DUMAGUETE CITY – Journalists must know, train and study professionally on how to keep themselves safe from the hazards of their profession. They must know the techniques and the ethics of writing and reporting so that they will not become “collateral damage” of the issues they tackle in the media.
Terrorism, natural disasters, epidemics, murder, harassment, cyber attack—these are risks faced by journalists in the line of duty, and yet they receive little or no training in safety and protection, according to a current survey on journalism education by the Asian Institute of Journalism and Communication (AIJC) in Manila.
AIJC surveyed 19 schools with confirmed enrolments in college journalism programs in school year 2016-17 and found that not one of them offered a distinct and separate course in Journalists’ Safety.
In pointing to this gap, the AIJC research team, led by principal author and AIJC president, Ramon Guillermo R. Tuazon, argued, “There is a need for journalists to be safe and protected in order to exercise freedom of the press and contribute to building a democracy.”
The team also pointed out that “standard journalistic principles and practices can make journalists vulnerable to unsafe situations” and that “it is necessary to include basic safety competencies among the core competencies in the journalism curriculum, to help ensure a safer future for the next generation of journalists.”
This is especially true in the Philippines, they added, “considering the frequency, intensity and magnitude of the problem” of widespread violent attacks against journalists.
Sponsored by UNESCO, the UN agency with a mandate to defend and promote freedom of expression and of the press, the research combined desk review with interviews of 21 academics and media professionals.
AIJC also attended or organized national and international forums on the safety and protection of journalists to widen its perspective on the subject.
The resulting research document, “Integration of Safety of Journalists in the Curricula of Philippine Journalism Schools,” includes a draft syllabus which AIJC hopes to distribute to all journalism schools with an endorsement by the Philippine Commission on Higher Education (CHED), said Tuazon, who also sits as chairman of the CHED Technical Panel on Communication.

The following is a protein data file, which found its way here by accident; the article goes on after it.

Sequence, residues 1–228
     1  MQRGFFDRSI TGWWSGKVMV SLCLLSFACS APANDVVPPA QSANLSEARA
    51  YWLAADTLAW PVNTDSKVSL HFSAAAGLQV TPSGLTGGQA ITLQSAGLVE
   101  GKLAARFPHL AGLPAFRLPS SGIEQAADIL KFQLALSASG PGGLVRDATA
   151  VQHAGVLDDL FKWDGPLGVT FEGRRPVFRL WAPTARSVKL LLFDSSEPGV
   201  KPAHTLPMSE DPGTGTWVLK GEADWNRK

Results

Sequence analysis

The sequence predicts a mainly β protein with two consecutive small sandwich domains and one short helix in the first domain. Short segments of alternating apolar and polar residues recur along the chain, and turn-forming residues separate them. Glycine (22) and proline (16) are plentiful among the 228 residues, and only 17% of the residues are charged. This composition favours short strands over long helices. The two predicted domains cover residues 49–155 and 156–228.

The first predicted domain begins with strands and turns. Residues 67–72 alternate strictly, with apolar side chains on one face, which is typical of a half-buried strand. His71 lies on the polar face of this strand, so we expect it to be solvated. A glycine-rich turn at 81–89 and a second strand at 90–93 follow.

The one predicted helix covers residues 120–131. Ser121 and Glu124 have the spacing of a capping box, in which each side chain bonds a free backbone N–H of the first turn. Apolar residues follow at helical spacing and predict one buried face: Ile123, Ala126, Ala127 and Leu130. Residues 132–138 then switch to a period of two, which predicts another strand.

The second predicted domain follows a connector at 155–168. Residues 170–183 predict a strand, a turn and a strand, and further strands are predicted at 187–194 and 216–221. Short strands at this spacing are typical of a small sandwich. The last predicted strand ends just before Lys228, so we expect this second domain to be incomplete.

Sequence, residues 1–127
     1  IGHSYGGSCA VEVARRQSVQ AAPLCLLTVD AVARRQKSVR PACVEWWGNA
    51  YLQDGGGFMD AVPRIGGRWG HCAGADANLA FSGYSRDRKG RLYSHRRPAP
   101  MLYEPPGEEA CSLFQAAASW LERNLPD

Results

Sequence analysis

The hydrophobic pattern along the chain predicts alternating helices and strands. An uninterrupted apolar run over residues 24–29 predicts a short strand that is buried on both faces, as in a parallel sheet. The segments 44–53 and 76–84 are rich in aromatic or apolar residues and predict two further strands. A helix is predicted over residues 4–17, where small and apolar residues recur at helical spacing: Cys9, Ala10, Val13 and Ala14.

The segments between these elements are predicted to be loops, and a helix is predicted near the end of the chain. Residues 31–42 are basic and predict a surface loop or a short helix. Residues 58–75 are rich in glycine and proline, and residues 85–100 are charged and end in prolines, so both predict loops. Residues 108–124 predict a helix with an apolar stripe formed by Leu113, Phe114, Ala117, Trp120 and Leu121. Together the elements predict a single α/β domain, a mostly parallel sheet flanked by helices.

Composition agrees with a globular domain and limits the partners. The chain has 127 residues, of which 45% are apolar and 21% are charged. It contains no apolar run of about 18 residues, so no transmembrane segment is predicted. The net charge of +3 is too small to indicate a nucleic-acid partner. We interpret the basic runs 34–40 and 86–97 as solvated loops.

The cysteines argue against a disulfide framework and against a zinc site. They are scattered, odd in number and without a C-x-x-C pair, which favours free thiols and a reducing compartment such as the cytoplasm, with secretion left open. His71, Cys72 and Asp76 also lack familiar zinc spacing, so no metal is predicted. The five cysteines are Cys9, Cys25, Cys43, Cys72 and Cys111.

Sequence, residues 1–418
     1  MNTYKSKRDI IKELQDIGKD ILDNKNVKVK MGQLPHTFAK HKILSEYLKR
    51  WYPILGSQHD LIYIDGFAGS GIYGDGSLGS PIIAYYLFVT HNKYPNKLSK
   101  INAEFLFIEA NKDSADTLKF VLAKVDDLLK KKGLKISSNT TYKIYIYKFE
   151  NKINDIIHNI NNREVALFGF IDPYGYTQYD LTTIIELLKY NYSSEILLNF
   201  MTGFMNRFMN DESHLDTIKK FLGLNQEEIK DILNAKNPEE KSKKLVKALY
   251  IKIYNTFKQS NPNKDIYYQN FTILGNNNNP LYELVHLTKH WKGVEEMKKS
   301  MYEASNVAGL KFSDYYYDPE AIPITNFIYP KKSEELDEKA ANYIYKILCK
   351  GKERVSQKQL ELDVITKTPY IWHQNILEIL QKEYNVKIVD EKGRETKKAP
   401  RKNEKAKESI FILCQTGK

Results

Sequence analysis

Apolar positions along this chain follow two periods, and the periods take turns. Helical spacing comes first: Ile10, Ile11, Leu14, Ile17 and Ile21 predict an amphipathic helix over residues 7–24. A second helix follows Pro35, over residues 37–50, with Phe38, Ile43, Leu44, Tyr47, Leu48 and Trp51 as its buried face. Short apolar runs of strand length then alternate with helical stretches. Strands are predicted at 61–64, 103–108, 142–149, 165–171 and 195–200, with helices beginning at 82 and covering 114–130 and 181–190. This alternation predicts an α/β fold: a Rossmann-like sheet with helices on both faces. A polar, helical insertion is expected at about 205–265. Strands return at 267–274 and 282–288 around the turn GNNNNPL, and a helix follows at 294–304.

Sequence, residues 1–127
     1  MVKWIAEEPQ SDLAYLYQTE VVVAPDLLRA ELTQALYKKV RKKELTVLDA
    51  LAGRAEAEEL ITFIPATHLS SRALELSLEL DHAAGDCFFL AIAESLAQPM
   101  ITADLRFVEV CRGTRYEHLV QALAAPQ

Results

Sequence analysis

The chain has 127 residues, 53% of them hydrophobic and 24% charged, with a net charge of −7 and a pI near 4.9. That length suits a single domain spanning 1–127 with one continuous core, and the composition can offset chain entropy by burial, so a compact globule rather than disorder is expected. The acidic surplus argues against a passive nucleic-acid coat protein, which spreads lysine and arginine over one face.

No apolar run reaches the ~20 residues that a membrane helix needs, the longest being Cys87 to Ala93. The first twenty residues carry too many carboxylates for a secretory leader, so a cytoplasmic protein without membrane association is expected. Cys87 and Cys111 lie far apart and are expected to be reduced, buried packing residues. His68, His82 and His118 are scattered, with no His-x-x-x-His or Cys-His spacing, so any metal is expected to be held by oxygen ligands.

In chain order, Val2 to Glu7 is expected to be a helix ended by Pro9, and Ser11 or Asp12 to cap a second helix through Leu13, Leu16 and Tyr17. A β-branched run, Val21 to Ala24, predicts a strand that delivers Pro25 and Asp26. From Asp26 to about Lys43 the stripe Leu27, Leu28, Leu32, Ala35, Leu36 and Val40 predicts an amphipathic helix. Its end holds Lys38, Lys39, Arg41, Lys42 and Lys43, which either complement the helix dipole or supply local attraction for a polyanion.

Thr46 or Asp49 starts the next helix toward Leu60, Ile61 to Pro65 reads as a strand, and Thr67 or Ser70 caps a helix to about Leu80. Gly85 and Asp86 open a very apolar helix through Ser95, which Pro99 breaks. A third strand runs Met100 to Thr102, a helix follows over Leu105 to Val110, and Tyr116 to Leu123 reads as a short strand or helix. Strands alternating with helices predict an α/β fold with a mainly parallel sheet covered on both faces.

The suggestion is to offer it as a core, required or elective subject with a three-unit credit.
The syllabus draws from three international documents as benchmark or models: UNESCO Model Journalism Curricula (2007); Tartu (Estonia) Declaration of the European Journalism Training Association (2004) and Core Skills for the Future of Journalism (2014) by the Poynter Institute for Media Studies in the US.
The syllabus specified 48 safety “competencies” ( or set of related knowledge, attitudes and skills) “that undergraduate students taking journalism should acquire.”
Here are some of the 48 competencies clustered under 10 areas:
(1) General Safety (how to report all types of threats, harassments, etc., to appropriate institutions—state authorities, media NGOs and human rights bodies)
(2) Risk Assessment (knowledge of risk assessment tools and types of risks and threats)
(3) Physical Safety (maintaining physical safety while covering hostile situations, such as protests, civil unrest and wars; and disasters, like floods and earthquakes)
(4) Safety Tools and Equipment (high frequency radio, protective clothing, tear gas goggles, etc.)
(5) Psychosocial Safety (survival techniques in hostile/traumatic environments; knowledge of causes, symptoms, prevention, management and care, and effects of trauma and Posttraumatic Stress Disorder)
(6) Economic Safety (importance of life, accident and travel insurance; social security; benefits to family, access to finances in emergency/hostile situations)
(7) Digital Safety (digital/online risks/threats, including sexual cyber harassment; online privacy, basic digital safety features in electronic devices, digital threats to physical safety including intimidation and harassment; digital safety techniques)
(8) Language and Image Sensitivity (use of cultural, religious and gender-sensitive language and images in newsgathering, writing and production)
(9) Ethical Safety (understanding Journalists Code of Ethics, Canons of Good Taste, other ethical guidelines; ethical issues involved in humanitarian, hostile and conflict situations)
(10) Legal Safety (UN Human Rights Law, Philippine Bill of Rights, media/privacy/cyber laws, international protocols on rights of journalists and civilians during conflict situations; UN resolutions, Geneva Conventions, criminal and civil procedures)
All 21 survey respondents agreed that traditional classroom methods should be complemented with student interactions with practicing journalists, preferably those who have handled dangerous assignments.
And all of the eight school heads said that practicing journalists must be the ones to teach the subject of Safety. — By Celia E. Acedo, Silliman University Research and Environmental News Service
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